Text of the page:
Having a customer share the impact that your community has on them is the dream state, but it takes a lot of thoughtful work and planning to get there.

I’m going to share experiences I've had building an online customer advocacy community in a previous role, as well as what our customer advocacy program looks like at Docusign.

My hope in sharing these experiences is that you can identify where you are in your journey, and you're empowered to take that next step to move from a transactional way of engaging with customers and building a community around customer advocates.

Why is emotion important in customer advocacy?

When I was introduced to customer advocacy, it was through transactional and traditional reference recruitment.

We interact with our customers and provide them with an opportunity through email, whether that's a speaking opportunity, a webinar, etc.

Oftentimes, people spot an opportunity for a customer to share their story, work with them to bring this to life, and showcase their story, before thanking them and ending communication.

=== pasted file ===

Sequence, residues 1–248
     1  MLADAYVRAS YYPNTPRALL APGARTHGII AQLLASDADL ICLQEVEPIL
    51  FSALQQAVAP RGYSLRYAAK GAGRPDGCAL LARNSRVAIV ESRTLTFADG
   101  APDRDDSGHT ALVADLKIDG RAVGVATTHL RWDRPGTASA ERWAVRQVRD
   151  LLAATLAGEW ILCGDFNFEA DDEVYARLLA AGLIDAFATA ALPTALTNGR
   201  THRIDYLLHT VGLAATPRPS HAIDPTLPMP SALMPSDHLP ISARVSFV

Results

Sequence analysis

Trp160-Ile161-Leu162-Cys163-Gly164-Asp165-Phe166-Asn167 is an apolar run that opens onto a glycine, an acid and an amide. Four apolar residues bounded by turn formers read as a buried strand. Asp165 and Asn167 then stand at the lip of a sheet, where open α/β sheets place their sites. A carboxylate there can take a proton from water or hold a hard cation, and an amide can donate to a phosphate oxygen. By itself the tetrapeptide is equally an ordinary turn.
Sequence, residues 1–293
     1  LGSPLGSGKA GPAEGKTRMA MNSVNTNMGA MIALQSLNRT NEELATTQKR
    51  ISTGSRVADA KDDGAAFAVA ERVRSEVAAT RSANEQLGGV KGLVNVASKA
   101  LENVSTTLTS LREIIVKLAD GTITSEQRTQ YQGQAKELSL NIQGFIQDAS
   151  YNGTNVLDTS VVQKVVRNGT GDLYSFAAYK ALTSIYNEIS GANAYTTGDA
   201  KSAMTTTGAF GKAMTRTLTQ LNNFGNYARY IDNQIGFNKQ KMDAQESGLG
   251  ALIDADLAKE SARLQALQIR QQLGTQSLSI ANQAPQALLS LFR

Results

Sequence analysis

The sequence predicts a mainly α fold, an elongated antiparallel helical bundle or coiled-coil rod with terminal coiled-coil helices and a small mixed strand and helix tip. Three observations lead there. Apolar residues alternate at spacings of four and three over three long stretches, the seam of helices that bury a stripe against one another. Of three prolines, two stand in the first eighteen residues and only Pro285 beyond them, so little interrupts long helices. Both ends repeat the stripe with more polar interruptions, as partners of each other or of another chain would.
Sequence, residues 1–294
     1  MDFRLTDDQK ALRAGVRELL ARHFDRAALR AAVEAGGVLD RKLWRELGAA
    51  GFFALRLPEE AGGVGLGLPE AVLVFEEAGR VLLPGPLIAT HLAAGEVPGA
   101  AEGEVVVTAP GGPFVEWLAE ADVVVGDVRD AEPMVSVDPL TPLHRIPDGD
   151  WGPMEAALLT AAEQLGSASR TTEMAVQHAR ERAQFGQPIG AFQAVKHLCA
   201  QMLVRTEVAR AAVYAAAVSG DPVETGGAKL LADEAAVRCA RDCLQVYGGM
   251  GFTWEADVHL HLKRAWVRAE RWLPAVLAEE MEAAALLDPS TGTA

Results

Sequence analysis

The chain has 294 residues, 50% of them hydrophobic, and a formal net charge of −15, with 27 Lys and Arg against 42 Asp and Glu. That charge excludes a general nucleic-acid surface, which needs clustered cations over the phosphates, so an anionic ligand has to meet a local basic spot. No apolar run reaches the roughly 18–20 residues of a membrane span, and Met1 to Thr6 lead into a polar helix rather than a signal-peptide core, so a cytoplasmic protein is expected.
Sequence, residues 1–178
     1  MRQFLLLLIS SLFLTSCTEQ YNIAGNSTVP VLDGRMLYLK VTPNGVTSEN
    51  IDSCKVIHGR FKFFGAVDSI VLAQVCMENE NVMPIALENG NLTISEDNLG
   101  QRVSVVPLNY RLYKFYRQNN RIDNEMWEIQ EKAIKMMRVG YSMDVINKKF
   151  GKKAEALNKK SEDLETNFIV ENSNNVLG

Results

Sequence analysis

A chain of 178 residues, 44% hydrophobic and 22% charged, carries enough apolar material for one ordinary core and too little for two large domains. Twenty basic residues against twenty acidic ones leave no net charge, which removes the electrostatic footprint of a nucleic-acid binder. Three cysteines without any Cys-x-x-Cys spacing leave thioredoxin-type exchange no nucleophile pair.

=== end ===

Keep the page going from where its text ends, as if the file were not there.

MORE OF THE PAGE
It’s not unusual for companies to not reach out to their customers until another opportunity arises. There’s a gap that materializes, and it's difficult to nurture relationships with customers if you’re only reaching out as opportunities present themselves.

This model is very transactional and you need to make your customers feel a connection and a commitment to your business - but how, if we're only reaching out as opportunities become available?

When we gather in person we don't just walk up to each other, exchange the bare necessities and leave. We stay, listen, share experiences, and connect. This is why building an online customer advocacy community that mirrors that feeling of being a person is so important.

You need to give your customers a dedicated space to share their stories and a place where they can connect with your business.

They need to feel a sense of partnership in this relationship where you’re both communicating consistently with each other and learning about each other, beyond the transaction at the sales point.

Identifying customer touchpoints